The practice of securitizing mortgages was one of the key drivers of the real estate bubble of a decade ago. By bundling thousands of mortgages together as the principal of a bond fund and then selling shares of that fund to investors, Wall Street revved up an engine that demanded more and more mortgages for fuel. The securitization process had been around long before 2004 but it seemed to have achieved new levels of intensity and innovation (not necessarily a good thing, as it turned out) in the early years of the 21st century.
One would think that the collapse of that bubble would have caused a reassessment of the securitization process as an investment vehicle. According to today's entry in the Deal Book blog on the New York Times' website, that's not the case. We now have a market for securitizing non-performing mortgages that are either in foreclosure or on the verge of foreclosure. Last year more than $11 billion dollars worth of assets passed through this process. There is an estimated $660 billion more in value tied up in nonperforming mortgages so this type of investment may become more popular.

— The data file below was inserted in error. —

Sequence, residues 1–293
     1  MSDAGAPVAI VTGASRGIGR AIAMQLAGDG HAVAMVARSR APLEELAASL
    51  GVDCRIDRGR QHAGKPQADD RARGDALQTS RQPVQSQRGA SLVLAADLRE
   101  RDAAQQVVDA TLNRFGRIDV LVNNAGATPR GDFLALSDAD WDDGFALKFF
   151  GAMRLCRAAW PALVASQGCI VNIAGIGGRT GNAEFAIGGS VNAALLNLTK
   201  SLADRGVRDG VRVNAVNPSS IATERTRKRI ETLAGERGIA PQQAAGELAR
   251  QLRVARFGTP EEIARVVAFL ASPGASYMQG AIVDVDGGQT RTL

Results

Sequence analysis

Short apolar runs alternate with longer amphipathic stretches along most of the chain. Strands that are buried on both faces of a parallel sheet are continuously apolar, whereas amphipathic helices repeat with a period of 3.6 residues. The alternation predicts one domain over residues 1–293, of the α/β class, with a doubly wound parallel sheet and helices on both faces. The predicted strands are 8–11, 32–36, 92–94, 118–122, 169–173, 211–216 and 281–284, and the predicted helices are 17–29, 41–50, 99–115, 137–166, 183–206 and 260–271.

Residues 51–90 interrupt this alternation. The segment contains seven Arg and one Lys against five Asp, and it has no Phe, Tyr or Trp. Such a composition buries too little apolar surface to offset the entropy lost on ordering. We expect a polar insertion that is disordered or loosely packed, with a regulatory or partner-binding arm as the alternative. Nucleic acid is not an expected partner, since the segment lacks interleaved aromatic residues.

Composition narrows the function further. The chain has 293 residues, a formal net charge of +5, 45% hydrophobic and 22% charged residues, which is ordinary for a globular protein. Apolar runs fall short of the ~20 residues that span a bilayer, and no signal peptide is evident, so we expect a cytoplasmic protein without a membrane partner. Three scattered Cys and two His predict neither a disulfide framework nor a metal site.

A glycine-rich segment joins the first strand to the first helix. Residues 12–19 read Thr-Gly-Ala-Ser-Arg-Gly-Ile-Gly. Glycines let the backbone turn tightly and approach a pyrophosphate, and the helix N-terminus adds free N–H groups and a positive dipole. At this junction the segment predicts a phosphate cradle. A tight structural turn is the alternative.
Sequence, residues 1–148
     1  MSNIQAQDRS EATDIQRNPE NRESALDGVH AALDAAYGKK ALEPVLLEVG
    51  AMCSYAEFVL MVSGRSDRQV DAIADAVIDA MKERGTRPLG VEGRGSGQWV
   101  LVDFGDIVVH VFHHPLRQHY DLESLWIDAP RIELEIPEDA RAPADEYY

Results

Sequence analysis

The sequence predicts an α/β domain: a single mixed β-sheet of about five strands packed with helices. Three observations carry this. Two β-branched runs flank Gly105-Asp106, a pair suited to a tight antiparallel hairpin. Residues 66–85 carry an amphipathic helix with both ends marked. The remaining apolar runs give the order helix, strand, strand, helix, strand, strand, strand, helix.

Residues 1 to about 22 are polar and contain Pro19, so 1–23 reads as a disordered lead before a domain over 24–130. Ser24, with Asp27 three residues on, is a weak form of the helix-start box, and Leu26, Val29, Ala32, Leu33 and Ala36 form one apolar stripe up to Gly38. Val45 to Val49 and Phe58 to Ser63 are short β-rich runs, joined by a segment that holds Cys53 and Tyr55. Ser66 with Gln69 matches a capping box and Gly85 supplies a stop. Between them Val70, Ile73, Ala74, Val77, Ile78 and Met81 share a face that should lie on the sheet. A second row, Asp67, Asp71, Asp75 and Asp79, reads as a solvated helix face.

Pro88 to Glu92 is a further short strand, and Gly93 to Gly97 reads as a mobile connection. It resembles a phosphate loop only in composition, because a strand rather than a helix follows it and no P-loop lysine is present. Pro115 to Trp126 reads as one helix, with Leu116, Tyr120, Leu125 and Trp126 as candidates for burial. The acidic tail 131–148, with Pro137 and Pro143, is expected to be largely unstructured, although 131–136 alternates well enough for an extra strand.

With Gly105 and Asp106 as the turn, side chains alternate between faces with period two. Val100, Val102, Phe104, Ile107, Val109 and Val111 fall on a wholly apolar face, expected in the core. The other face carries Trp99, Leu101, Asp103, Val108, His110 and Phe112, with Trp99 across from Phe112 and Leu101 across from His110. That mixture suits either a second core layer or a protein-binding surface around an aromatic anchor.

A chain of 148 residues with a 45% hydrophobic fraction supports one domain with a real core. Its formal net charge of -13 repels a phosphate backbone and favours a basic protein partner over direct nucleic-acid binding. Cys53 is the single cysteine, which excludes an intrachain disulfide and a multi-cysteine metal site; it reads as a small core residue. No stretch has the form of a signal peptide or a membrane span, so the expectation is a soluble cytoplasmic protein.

It seems irrational to use "nonperforming" loans as in investment. Where's the cash flow? Well, there is none that comes in the form of monthly mortgage payments. Instead, there are the proceeds from the auctions that occur as the mortgages are foreclosed. Deal Book says these funds have been returning a 4% investment with a payout in 2 years.
Like I said, this all seems strange to me but anything that moves homes from the stagnation of non-perfoming mortgages to the potential of new, solvent owners is generally a good thing.